Bottom Line: This study highlighted the sociocultural importance of Carapa procera.In the light of its multipurpose uses, the promotion and enhancement of Carapa procera can provide significant socio-economic benefits to local people.In this perspective, it is necessary to implement conservation strategies and sustainable management through domestication of the species.

View Article: PubMed Central - PubMed

Affiliation: Institut d'Economie Rurale (IER), Rue Mohamed V, BP: 258, Bamako, Mali. udembele@yahoo.fr.

ABSTRACT

Background: Carapa procera is a native oil tree species with multipurpose values traditionally exploited by the local population in Southern Mali. This study focused on the assessment of local knowledge about the use of Carapa procera.

Methods: Semi-structured ethnobotanical questionnaires were conducted among the ethnic groups Senufo, Fulani and Bambara in two localities in the Sudanian zone in Mali. Use values among these ethnic groups and gender were evaluated.

Results: This study showed that Carapa procera is a species with multiple uses and high use values. According to the consensus value for plant parts (CPP), the nuts constituted 57% of exploited plant parts followed by bark and leaves (12%), wood and roots (7%), mistletoes (4%) and gum (1%). The use diversity (UD) values of Carapa procera showed a high proportion of cosmetic (UD = 0.49) and therapeutic (UD = 0.36) uses. The UD for therapeutic uses was higher for ethnic groups in Ziékorodougou than in Niankorobougou. In contrast, the UD for cosmetic uses was higher for ethnic groups in Niankorobougou than in Ziékorodougou. Comparative analysis between ethnic groups revealed that the highest UD for cosmetic uses (0.63) was observed in the Bambara ethnic group, whereas the highest UD for therapeutic uses (0.39) was obtained in the Senufo ethnic group. The UD showed that cosmetic uses were higher for women than for men in both locations. Men in Ziékorodougou had the highest level of knowledge regarding plant parts used, forms of use and the specific reasons for using Carapa procera.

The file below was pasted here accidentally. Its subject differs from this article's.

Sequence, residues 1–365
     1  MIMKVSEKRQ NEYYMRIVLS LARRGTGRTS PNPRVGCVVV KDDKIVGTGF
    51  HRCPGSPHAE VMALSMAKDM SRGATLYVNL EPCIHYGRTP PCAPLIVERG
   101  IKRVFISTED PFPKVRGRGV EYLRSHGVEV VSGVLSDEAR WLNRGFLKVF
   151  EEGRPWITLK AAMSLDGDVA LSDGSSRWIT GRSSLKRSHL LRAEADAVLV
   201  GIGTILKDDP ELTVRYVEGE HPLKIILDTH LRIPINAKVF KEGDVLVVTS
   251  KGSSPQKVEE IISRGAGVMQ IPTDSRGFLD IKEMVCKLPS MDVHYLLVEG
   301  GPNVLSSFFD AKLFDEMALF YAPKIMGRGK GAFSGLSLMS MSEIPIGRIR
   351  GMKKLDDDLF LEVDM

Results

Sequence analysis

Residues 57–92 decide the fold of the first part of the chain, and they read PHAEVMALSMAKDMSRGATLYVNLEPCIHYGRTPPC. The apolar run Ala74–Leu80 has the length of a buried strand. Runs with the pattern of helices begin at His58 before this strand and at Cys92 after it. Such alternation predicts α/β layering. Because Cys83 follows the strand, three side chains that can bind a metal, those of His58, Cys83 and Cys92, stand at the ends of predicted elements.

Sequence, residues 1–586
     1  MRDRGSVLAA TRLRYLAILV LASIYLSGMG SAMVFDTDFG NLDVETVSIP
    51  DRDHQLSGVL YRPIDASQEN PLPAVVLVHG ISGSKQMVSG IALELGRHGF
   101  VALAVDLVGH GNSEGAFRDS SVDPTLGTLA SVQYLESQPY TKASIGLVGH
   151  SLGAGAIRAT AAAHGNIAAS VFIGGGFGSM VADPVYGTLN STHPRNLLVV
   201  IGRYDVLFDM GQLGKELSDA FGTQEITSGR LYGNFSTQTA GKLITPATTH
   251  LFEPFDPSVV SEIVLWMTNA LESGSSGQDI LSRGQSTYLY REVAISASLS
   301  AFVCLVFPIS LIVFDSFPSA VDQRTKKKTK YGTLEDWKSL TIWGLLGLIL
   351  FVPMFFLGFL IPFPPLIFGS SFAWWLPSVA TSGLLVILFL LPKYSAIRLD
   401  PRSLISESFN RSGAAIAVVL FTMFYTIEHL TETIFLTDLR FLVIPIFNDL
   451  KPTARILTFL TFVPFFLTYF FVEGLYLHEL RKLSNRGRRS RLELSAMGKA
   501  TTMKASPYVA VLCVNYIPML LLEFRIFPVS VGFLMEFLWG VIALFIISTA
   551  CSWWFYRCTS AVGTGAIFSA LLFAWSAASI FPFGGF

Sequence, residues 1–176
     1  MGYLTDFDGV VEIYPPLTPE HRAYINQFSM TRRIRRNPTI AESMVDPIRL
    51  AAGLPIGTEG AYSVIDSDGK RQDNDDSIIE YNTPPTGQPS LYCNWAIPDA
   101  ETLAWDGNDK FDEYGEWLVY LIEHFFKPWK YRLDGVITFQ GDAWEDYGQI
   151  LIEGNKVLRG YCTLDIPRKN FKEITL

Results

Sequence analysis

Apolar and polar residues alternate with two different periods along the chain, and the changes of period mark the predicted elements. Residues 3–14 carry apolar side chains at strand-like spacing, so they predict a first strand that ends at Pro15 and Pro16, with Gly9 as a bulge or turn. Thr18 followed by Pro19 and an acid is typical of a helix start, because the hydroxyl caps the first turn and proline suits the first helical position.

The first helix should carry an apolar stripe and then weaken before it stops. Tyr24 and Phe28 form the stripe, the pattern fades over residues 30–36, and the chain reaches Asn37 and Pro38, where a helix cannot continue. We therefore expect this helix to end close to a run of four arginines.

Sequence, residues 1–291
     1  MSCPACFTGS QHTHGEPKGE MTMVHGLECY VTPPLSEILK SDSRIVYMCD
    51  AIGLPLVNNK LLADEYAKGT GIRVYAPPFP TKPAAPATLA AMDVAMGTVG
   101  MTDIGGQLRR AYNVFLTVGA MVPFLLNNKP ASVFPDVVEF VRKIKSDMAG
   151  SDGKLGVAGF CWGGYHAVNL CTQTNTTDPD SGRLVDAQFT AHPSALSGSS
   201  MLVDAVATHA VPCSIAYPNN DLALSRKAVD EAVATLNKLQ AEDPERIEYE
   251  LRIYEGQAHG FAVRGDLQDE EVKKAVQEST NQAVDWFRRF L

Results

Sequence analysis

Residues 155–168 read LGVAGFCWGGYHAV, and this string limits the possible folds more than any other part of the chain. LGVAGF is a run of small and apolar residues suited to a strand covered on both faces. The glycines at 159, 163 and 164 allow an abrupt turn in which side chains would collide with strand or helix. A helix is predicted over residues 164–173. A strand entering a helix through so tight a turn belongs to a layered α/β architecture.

Conclusion: This study highlighted the sociocultural importance of Carapa procera. In the light of its multipurpose uses, the promotion and enhancement of Carapa procera can provide significant socio-economic benefits to local people. In this perspective, it is necessary to implement conservation strategies and sustainable management through domestication of the species.

No MeSH data available.